It is "extremely unlikely" that anyone who has consumed affected horse meat will suffer harmful side effects, she said in a statement Thursday.
"Phenylbutazone... is a commonly used medicine in horses. It is also prescribed to some patients who are suffering from a severe form of arthritis," Davies added.
"At the levels of bute that have been found, a person would have to eat 500 to 600 burgers a day that are 100% horse meat to get close to consuming a human's daily dose. And it passes through the system fairly quickly, so it is unlikely to build up in our bodies," she explained.
German supermarket chain Real confirmed Wednesday that samples of a frozen beef lasagna had tested positive for horse meat. Fellow supermarket chains Rewe and Tengelmann said they are examining certain beef products as a precaution.
Ministers met for emergency talks in Brussels, Belgium, on Wednesday on how to tackle a crisis that has thrown the European meat industry into disarray.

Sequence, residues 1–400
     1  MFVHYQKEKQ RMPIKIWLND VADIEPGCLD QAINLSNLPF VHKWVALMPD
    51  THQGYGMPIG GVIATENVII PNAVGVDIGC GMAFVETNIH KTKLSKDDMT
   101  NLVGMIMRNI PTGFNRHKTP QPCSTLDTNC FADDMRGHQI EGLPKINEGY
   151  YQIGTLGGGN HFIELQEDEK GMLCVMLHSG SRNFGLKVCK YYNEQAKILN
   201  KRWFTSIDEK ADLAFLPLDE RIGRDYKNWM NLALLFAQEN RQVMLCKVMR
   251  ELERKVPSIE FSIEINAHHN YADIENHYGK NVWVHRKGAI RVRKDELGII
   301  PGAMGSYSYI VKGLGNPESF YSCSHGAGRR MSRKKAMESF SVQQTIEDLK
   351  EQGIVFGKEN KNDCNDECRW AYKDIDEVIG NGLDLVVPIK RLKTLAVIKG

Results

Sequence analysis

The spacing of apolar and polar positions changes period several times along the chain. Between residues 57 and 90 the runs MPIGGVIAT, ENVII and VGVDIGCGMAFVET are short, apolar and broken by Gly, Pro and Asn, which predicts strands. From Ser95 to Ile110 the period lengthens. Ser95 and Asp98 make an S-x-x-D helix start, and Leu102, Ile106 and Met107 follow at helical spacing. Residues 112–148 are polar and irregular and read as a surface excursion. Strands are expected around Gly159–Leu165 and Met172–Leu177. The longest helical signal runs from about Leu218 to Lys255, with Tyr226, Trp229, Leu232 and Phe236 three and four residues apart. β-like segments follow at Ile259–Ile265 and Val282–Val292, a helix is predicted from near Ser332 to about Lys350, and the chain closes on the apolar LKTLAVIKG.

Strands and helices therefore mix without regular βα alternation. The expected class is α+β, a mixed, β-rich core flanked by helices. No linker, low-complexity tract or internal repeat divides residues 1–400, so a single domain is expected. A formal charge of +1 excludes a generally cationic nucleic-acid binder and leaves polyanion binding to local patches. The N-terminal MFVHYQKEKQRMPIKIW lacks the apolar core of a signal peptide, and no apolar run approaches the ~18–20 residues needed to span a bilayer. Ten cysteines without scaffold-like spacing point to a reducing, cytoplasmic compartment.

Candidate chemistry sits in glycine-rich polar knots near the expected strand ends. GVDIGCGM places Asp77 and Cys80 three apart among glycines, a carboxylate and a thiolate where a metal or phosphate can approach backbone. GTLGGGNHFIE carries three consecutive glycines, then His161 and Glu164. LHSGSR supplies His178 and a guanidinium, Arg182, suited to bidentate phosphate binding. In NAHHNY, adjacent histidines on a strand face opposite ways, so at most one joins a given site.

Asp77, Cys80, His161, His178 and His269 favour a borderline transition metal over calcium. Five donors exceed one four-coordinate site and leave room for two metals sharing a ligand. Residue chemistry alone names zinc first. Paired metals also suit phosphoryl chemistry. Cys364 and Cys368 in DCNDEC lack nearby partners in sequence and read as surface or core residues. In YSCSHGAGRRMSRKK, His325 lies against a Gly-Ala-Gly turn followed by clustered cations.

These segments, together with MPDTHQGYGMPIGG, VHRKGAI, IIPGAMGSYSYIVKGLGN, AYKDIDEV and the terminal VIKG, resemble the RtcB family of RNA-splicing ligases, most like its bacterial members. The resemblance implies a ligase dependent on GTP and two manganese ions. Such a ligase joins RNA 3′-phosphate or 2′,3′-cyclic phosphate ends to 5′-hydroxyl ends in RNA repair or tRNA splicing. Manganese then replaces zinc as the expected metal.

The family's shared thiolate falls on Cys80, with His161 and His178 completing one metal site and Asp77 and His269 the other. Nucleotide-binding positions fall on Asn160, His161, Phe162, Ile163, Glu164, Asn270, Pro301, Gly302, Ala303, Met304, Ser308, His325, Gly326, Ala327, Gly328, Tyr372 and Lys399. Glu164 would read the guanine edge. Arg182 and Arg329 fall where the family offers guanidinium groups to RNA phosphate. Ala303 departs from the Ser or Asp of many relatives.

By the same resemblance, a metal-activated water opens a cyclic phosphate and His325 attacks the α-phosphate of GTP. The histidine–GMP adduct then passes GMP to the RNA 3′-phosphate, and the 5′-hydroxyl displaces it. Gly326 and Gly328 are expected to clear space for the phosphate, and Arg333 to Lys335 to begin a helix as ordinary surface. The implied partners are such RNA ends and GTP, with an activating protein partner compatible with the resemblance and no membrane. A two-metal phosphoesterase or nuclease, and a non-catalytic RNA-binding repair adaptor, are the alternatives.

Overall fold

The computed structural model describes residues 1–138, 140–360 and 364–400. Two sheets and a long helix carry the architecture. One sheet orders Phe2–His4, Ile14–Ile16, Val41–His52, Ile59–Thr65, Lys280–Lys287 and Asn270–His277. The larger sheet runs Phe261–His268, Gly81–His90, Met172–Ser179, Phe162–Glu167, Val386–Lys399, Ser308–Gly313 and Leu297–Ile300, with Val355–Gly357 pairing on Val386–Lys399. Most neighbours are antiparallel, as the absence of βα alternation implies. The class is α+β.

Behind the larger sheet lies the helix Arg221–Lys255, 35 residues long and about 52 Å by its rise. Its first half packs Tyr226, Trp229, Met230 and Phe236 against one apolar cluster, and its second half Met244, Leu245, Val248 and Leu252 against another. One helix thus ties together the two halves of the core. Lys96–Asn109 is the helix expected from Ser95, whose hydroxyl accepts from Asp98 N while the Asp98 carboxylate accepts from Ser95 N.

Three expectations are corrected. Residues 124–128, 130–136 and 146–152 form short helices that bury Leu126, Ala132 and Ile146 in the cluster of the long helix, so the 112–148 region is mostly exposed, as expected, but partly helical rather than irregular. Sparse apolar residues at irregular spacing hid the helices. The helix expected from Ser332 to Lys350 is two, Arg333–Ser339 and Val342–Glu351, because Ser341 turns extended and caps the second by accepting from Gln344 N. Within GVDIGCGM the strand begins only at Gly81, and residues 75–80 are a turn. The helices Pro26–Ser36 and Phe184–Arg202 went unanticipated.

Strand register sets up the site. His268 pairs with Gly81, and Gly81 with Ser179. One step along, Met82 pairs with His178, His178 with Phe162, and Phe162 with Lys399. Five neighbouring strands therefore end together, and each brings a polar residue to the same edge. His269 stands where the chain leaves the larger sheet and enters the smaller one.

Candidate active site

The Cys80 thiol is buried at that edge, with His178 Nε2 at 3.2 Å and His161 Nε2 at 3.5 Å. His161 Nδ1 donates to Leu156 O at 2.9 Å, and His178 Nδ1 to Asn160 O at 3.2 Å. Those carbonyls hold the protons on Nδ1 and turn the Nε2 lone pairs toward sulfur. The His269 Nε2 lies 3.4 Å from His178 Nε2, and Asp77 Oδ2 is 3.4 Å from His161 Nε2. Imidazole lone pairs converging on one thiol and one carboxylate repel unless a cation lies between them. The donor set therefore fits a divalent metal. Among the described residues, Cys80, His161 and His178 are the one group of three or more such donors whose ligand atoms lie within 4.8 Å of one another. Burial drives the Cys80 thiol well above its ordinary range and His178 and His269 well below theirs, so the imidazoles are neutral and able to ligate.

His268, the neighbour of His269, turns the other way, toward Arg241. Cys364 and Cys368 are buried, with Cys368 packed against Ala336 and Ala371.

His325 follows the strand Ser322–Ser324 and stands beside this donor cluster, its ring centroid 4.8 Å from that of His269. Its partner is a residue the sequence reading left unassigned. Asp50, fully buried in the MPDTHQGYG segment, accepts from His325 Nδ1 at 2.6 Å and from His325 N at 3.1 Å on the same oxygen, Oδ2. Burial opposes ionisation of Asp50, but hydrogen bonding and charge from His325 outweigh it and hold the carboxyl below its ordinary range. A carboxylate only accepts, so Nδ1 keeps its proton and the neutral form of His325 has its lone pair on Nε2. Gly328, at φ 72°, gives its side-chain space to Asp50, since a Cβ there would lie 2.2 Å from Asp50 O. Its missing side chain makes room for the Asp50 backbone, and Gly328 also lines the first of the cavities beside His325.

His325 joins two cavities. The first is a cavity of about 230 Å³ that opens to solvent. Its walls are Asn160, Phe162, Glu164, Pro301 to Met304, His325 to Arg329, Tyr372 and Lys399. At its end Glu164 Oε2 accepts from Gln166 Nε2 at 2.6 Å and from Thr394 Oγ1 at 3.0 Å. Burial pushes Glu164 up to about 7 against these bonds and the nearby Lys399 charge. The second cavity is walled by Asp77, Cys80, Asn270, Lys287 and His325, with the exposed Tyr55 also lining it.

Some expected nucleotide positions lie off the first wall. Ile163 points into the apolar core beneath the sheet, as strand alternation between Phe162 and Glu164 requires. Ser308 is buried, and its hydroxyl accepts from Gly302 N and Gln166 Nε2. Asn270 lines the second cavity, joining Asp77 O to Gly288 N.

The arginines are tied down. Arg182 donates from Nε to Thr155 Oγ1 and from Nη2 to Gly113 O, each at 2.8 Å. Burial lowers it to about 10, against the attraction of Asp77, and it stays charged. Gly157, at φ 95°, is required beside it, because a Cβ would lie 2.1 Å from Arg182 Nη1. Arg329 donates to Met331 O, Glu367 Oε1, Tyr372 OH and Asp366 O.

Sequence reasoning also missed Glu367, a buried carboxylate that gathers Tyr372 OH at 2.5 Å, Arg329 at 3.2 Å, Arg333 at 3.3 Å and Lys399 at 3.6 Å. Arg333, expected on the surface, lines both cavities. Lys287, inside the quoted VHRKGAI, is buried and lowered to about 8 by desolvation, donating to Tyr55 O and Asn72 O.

It was already reeling from a bombshell last month, when Irish investigators found horse and pig DNA in a number of hamburger products. The discovery of pig DNA in beef products is of particular concern to Jews and Muslims, whose dietary laws forbid the consumption of pork products. Jewish dietary laws also ban the eating of horse meat.
After Wednesday's talks, Irish Agriculture Minister Simon Coveney said the ministers had agreed to implement measures including random DNA testing of processed beef products across the European Union's 27 member states.
The United Kingdom is awaiting the outcome of "authenticity" tests on beef products ordered last week by the Food Standards Agency across the UK food industry. The results are due by Friday.
Investigations into what could be criminal fraud somewhere in the supply chain also are being led by Europol, the European Union's law enforcement agency.
UK Environment Secretary Owen Paterson, who met with Europol officials Thursday, said, "This is an incredibly important step. It's increasingly clear that this case reaches right across Europe.
"It's clear that Europol is the right organization to coordinate efforts to uncover all wrongdoing and bring criminals to justice, wherever there may be."
Meanwhile, steps have been taken to tighten up the legitimate slaughter of horses in the United Kingdom.
Beginning January 30, the Food Standards Agency ordered 100% testing of horse carcasses, and, as of this week, their meat will not be allowed to enter the food chain until the all-clear has been given.
Previously, a random sample was tested. In 2012, 6% of horse carcasses tested positive for bute, the agency said.